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Sacroiliac Joint Pain or Posterior Pelvic Pain During Pregnancy



Posterior pelvic pain (PPP) is a specific pain that is experienced near your pelvis/pelvic sacroiliac joints, and is caused by sacroiliac joint (SIJ) dysfunction.

These joints are the joints that is located at the two dimples of your lower back, and posterior pelvic pain (PPP) is usually very deep inside the lower back and can occur on one of both sides of the back. Sometimes, the pain can travel down to the buttock too.

For some pregnant ladies, it may happen anytime during the pregnancy, but generally, posterior pelvic pain begins on the 18th week of pregnancy and usually becomes more intense as pregnancy progresses. Good news is that this pain usually spontaneously disappears/resolves within three (3) months of delivery.

...but in some cases, the pain may linger and becomes long term, and in some cases, disabling.

What are the Sacroiliac joints?

So our sacroiliac joints are the joints that connect the:

  1. sacrum (it's a triangular-shaped bone at the bottom tip of the spine)
  2. left ileum (of the pelvis)
  3. right ileum (of the pelvis)

Our sacroiliac joint is a very strong and stable weight/load-bearing joint that doesn't allow much movement (due to its structure, location, function), and it's main function is to allow loads, weight and forces to be transferred, transmitted safely through the body (it absorbs/transmits force safely from legs to spine during activities).

Our sacroiliac joint is kept stable with two main mechanisms:

  • The rough connecting surfaces of the sacrum and ileum interlock and help to stabilize the sacroiliac joint (sort of like jigsaw puzzle/Lego)
  • The complex ligaments and muscles such as core stabilizers (transversus abdominis and multifidus) that surrounds the SIJ and behaves as active stabilizers, like if you hold a golf ball in your hand and grip it tightly.

Posterior pelvic pain is caused by sacroiliac joint dysfunction ie when the stability of SIJ is compromised.

Why does posterior pelvic pain occur?

So during pregnancy, the two mechanisms that supports/stabilizes the sacroiliac joint can be destabilized, which increases mobility in the SIJ (a detrimental effect). This is caused by a double whammy of:

  • pregnancy hormones that are exuded by the body to prepare the body for pregnancy and delivery, will/may cause ligaments to become lax, and this may cause the SIJ ligaments to also become lax, hence increasing its instability
  • the growing baby and uterus stretches out and weakens the core muscles, weakening the pelvis and core muscles.

This is further compounded if

  • pregnant mother doesn't exercise as much or is more sedentary in nature
  • the additional weight alters the walking pattern to be more unnatural load on the SIJ

What are the symptoms of posterior pelvic pain?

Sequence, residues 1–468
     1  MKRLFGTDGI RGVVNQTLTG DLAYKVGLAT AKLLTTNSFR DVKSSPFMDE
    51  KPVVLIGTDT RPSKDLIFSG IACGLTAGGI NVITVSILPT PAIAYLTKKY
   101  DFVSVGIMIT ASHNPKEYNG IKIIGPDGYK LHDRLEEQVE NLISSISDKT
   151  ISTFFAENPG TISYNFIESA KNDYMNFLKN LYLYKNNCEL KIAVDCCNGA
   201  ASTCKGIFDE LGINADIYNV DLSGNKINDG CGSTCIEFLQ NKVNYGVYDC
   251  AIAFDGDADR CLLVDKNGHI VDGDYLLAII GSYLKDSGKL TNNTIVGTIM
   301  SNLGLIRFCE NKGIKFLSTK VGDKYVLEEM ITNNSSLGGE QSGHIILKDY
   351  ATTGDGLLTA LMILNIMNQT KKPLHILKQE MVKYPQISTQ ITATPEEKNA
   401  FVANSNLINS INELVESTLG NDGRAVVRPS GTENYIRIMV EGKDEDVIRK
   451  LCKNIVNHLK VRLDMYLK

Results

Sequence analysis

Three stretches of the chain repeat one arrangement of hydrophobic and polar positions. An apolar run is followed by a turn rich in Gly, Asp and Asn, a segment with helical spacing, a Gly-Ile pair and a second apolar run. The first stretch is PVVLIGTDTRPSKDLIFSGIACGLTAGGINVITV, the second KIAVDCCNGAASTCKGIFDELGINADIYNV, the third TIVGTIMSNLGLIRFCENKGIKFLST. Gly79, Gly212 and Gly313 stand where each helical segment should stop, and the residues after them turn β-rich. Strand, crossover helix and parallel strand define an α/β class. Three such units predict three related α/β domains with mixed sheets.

Posterior pelvic pain is the most common type of pain related to pregnancy, and some of the usual symptoms include:

  • Deep pain in the back of the pelvis (near the dimples of sacroiliac joints)
  • Pain may occasionally travel to buttock and thigh.
  • This pain is generally aggravated with load/weight eg activities that involve standing, walking, climbing stairs, resting on one leg, getting in and out of a low chair, rolling over and twisting in bed, and lifting. The pain improved when sitting, resting or lying down.

If you have inflammation in your sacroiliac joint, you may experience stiffness in your back and/or pelvis.

Diagnosing Sacroiliac Joint Dysfunction in pregnancy

Your

  • gynae and/or
  • women's health physiotherapist

will do a thorough series of clinical, historical and physical exam to diagnose and determine the core problems and its severity.

That may include trying to understand you:

  • symptoms and its intensity/frequency
  • test sacroiliac stability/movement/pain

The doctor may request for imaging such as X-ray or CT scan to diagnose better, however, any procedures or imaging that may expose you and baby to radiation is generally to be avoided.

Treatment and Management of posterior pelvic pain

Gynae, doctors and women's health physiotherapist will often recommend women's health physiotherapy and exercises that targets

  • core strengthening
  • pelvic girdle stability
  • trunk stability

We may sometimes prescribe a specific sacroiliac belt to help provide quick pain relief and give some support, but compliance to exercise will be most of the treatment. Sometimes, our women's health physio may prescribe gentle joint/soft tissue mobilization of your:

  • hip
  • back
  • pelvis

to loosen any tight joints and to correct any dysfunctions. Sometimes we may employ myofascial release too to release tight/very tight muscles which may cause deep ache and pains.

Please note that you are highly recommended to see a women's health physiotherapist (a skilled/experienced senior physiotherapist who is experienced in dealing/treating pregnancy-related pains) to ensure that she is able to treat your condition very specificly and effectively.

There are two other options eg direct injections into the sacroiliac joint or oral anti-inflammation medicine, but during pregnancy, is again generally avoided. Consulting a women's health physiotherapist is the best option moving forward.



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At the first session, our specialist physiotherapists will carry out a thorough assessment, helping them to select the most appropriate treatment to help you recover as well as provide treatment in the same session. 

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